From Amazon to Zynga, cloud leaders at the conference gave some interesting sneak peeks at the future of cloud computing. Take a look ahead.
Cloud Connect, a UBM/TechWeb event, always generates a lot of news of interest to IT pros, developers, and cloud providers. As the third day of meetings are set to kick off in Santa Clara, Calif., that tradition is holding true. Here are the four topics that have already caught my eye.
Telecommunications Companies Show Cloud Aspirations
The telco service providers are thinking out loud about how they'd like to join the ranks of cloud service providers. CenturyLink and Verizon are already there, with their purchases of Savvis and Terremark cloud service suppliers, respectively, last year. More would like to get into the business.
I've wondered why they didn't do so sooner, given their worldwide investments in data centers to serve their large customer bases. Their data centers in some ways don't look so different from the large, "invented exclusively by us" centers built by Google, Yahoo, Amazon, and Microsoft. Still, I pull up short of believing that an AT&T or a Telefonica is about to supply infrastructure as a service that's competitive with Amazon Web Services, GoGrid, or Rackspace.
But what if the telcos took a different tack? Amazon Web Services and other first-generation cloud suppliers were all builders of large-scale data centers making their services available over the Internet. So far, the debate over cloud computing, with only one or two isolated exceptions, has presumed cloud services will be dispensed over the public Internet.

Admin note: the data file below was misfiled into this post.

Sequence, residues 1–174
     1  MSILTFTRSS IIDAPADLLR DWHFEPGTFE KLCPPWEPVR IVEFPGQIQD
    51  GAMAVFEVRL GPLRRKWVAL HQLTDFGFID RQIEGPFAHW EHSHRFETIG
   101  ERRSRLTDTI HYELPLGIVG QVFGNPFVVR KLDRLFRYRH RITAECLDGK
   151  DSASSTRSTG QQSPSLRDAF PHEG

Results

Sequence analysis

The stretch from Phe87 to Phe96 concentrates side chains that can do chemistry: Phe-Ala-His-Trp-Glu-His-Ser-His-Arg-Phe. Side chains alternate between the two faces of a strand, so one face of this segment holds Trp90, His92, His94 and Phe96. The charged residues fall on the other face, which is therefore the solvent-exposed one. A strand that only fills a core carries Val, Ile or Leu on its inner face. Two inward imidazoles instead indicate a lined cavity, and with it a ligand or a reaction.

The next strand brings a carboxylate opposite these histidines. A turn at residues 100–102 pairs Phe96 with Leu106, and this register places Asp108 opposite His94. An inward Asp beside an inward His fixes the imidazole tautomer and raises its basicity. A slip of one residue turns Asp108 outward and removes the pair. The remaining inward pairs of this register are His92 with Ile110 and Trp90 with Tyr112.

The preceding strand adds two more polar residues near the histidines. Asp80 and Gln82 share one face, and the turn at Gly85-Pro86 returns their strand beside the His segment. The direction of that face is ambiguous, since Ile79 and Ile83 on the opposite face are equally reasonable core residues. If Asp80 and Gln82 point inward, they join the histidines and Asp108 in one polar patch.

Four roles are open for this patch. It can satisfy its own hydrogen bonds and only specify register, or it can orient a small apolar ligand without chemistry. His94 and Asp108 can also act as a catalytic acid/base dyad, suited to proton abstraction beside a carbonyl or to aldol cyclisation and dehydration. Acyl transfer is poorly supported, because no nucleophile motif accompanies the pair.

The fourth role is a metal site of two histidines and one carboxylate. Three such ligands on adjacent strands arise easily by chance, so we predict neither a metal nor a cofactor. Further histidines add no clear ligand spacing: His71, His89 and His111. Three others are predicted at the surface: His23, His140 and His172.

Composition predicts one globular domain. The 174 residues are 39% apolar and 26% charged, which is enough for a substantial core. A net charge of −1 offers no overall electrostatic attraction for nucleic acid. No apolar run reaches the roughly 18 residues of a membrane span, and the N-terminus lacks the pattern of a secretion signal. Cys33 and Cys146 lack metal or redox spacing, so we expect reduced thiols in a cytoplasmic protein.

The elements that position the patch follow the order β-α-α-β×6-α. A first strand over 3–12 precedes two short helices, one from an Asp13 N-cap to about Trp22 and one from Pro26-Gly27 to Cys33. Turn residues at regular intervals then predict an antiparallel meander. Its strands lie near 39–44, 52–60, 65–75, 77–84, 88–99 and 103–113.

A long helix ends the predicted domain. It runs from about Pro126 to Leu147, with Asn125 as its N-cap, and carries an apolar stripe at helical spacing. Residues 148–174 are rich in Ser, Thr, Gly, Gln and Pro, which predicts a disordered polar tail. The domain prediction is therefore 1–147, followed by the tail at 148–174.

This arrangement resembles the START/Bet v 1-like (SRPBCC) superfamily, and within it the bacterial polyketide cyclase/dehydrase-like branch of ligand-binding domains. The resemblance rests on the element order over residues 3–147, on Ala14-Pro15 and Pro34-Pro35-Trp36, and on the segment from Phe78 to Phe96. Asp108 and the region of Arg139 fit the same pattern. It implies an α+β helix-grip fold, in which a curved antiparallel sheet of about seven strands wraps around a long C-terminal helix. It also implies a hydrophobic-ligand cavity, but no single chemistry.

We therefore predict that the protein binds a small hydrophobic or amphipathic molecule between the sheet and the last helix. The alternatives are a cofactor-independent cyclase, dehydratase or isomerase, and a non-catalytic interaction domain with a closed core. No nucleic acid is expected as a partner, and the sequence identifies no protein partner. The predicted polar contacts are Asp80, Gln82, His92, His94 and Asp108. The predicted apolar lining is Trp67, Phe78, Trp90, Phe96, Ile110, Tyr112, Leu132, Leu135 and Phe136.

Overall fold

What if the telcos, with their large inventory of sometimes underutilized network capacity, generated a common carrier Ethernet WAN that carried traffic, much like the Internet, over switches and routers that were not open to the public? Such a private alternative to the Internet at first blush sounds like it could never compete with free services. But Ralph Santioro, a founding member of the Metro Ethernet Forum, and director of carrier Ethernet market development at Fujitsu, clearly thought there were uses for such a private, Ethernet network.
In a talk at the Carrier Forum, a concurrent event at CloudConnect Monday, said the Internet is the WAN that delivers cloud services "but there's surprisingly little attention paid to it by the cloud community." That is to say, the cloud community loves to talk about the services it can invent. The telecom community would spend more time talking about how the network could make the services better.
That potentially leaves an opening for telcos to re-invent the cloud for the private enterprise in ways that: make network quality of service an option of cloud services; offer more guarantees of data security through denial of public access (users are purchasers of the service); and provide more private data center-types of guarantees on application performance and security.
As I've tried to point out before in the cases of Terremark and Savvis, a cloud supplier with its telco owner suddenly has the option of becoming a data chain of data centers linked together with a point-and-click choice by a customer. Such links could provide automated backup and recovery from a separate geographical area for a customer, and allow cloud services to maintain higher availability through the option of shifting workloads away from a trouble spot.
Cloud services from a global, common-carrier Ethernet network may yet emerge, not so much as a challenge to Amazon Web Services' dominant EC2, but as a completely different way of delivering cloud services.
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